How can we improve Dementia Care? asks Dr Chris Dyer Consultant Geriatrician and Clinical Lead Royal United Hospitals Bath NHS Foundation Trust
Dr Chris Dyer presented at todays Dementia conference on the dementia strategy group set up in 2008 to address the challenges set out in the National Dementia Strategy.
We kicked off our dementia strategy group in 2008 to address the challenges set out in the National Dementia Strategy. We started with an enthusiastic energetic team consisting of staff from various parts of the organisation and early on gained valuable input from groups such as the Alzheimer’s Society, Alzheimer Support Wiltshire and local Carers groups.
However having a dedicated group alone is not enough to achieve widespread cultural change. This truly does need to be a clinical and executive partnership – with executive support dementia became one of our key quality outcomes.
Furthermore having enough people to “do the doing” is essential – there are so many changes that need to be made e.g. sorting out the training, environmental audits and orders, awareness raising etc.. and so a matron was seconded, and we also gained input from staff at our “Qulturum” which is our centre for all those involved in quality, risk, patient experience and audit under one roof. So what are we proud of?
~ Good engagement, dementia events – a constant process
~ A 7 day per week mental health liaison service and dementia coordinators with a fund to support timely discharge which has reduced length of stay by 1.5 days so far
~ A newly refurbished “dementia friendly” ward and environmental changes
~ Volunteer befriending scheme run through the Alzheimer’s Society
At the RUH our ward charter mark is a key driver for engagement, spreading change, and boosting awareness:
We developed the Charter Mark as a way of challenging wards to improve by offering a reward for excellence, and also showing visitors what is going on. The charter mark has 17 standards. Our matron works with wards until they are ready to be assessed and then the assessment is led by members of our team with external control by the Alzheimer’s Society. There are Gold, Silver and Bronze awards – but so far no one wants bronze – we have 6 Gold and 14 silver. More recently several of our wards are also participating in the innovative Quality Mark for Elder Friendly Wards scheme run by the Royal College of Psychiatrists.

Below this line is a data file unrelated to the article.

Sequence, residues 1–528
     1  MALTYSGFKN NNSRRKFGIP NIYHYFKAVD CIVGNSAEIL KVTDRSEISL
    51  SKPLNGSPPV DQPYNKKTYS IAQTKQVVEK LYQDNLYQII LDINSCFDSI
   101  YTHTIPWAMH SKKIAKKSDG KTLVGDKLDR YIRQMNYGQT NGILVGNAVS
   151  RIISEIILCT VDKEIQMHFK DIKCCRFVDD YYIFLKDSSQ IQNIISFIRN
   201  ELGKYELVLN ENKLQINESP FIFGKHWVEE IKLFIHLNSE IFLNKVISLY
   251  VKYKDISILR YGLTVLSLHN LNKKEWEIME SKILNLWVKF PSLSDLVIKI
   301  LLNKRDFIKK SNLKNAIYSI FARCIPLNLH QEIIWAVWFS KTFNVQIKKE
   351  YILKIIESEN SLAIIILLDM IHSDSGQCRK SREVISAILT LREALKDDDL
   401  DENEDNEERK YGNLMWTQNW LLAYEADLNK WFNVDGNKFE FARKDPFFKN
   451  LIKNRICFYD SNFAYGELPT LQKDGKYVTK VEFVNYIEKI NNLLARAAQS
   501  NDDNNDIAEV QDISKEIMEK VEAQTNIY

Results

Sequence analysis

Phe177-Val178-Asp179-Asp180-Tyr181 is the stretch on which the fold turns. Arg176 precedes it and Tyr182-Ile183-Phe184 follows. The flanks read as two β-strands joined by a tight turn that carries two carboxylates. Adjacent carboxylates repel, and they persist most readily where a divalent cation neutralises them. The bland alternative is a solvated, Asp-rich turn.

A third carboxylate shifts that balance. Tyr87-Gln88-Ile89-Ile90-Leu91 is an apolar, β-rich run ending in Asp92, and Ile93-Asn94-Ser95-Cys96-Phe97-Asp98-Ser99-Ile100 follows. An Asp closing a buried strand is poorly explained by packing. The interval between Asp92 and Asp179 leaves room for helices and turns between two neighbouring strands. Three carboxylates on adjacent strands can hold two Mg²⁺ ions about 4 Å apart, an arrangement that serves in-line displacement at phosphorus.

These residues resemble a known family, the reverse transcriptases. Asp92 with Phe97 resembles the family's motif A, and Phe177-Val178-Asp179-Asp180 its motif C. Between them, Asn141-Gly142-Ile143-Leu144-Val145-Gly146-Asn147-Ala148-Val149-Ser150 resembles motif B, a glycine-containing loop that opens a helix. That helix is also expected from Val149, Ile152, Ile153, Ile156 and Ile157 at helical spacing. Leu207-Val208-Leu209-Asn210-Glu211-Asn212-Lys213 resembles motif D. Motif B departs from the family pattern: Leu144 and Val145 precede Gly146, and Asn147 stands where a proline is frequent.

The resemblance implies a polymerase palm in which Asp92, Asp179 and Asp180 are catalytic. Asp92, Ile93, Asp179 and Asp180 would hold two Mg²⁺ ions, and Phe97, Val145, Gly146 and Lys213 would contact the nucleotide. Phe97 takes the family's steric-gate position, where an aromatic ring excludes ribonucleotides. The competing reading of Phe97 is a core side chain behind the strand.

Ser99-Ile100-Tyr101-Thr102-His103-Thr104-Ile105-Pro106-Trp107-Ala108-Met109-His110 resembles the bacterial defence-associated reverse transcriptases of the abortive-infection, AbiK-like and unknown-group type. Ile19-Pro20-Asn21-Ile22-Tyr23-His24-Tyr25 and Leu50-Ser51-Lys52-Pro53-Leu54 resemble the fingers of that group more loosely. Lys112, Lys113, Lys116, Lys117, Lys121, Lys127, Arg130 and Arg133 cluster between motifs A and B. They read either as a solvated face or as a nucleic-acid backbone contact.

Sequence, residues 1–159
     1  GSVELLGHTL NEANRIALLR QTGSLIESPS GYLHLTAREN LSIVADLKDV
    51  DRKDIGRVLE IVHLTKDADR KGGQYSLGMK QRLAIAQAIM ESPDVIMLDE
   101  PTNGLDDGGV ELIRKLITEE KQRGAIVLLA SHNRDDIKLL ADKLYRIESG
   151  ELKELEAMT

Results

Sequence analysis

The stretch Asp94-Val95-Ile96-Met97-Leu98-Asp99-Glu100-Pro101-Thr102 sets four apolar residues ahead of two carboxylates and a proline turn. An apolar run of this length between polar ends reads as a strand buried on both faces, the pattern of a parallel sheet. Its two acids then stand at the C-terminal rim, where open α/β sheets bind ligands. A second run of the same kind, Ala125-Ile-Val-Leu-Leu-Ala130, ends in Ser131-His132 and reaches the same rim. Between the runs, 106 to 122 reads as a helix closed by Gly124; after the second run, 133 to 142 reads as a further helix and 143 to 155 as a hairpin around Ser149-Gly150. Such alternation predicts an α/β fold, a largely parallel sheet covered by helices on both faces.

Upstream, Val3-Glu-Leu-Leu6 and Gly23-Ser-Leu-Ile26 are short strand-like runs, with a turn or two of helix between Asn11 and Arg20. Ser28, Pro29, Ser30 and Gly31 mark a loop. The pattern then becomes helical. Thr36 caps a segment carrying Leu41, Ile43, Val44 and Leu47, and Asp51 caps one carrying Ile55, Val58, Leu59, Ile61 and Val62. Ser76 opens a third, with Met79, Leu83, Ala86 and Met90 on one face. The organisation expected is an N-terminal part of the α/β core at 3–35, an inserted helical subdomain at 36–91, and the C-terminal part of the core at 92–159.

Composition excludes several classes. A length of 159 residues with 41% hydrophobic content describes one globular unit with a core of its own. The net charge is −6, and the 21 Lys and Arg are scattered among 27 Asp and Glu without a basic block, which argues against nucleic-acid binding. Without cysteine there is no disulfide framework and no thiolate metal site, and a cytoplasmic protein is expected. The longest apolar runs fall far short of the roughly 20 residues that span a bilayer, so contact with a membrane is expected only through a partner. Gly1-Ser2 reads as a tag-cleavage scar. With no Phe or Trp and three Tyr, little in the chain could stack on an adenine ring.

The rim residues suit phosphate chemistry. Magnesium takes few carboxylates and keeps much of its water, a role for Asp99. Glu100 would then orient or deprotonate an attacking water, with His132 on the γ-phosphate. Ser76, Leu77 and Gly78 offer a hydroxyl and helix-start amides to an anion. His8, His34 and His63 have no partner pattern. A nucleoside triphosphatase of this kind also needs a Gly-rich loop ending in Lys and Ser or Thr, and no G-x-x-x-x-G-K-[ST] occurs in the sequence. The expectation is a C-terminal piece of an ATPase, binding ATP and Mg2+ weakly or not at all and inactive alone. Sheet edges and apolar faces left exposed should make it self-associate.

And so a continuing challenge is delivering the dementia CQUIN. Our approach is to embed this within our wider strategy and seek “buy in” from staff. Putting quality of care in the hospital as central – for example, if we can identify more patients with cognitive impairment on admission we can prevent delirium and improve clinical outcomes. It must be measured pre and post op fractured neck of femur to achieve best practice tariff as it is such a vital part of care. It’s probably as important as measuring blood pressure or oxygen saturations! The CQUIN is just good clinical practice and requires championing. The carers’ survey has the potential to change care and ideally should be imbedded into ward “dashboards”. How much Trusts value and use the information they receive from carers probably reflects their ambition to drive up standards of care.
The CQUIN can only be delivered by a campaign of hearts and minds backed up by support from a clear care pathway and system for embedding best practice. And above all by complete support from top down.
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Download: Chris Dyers Presentation6 October 2014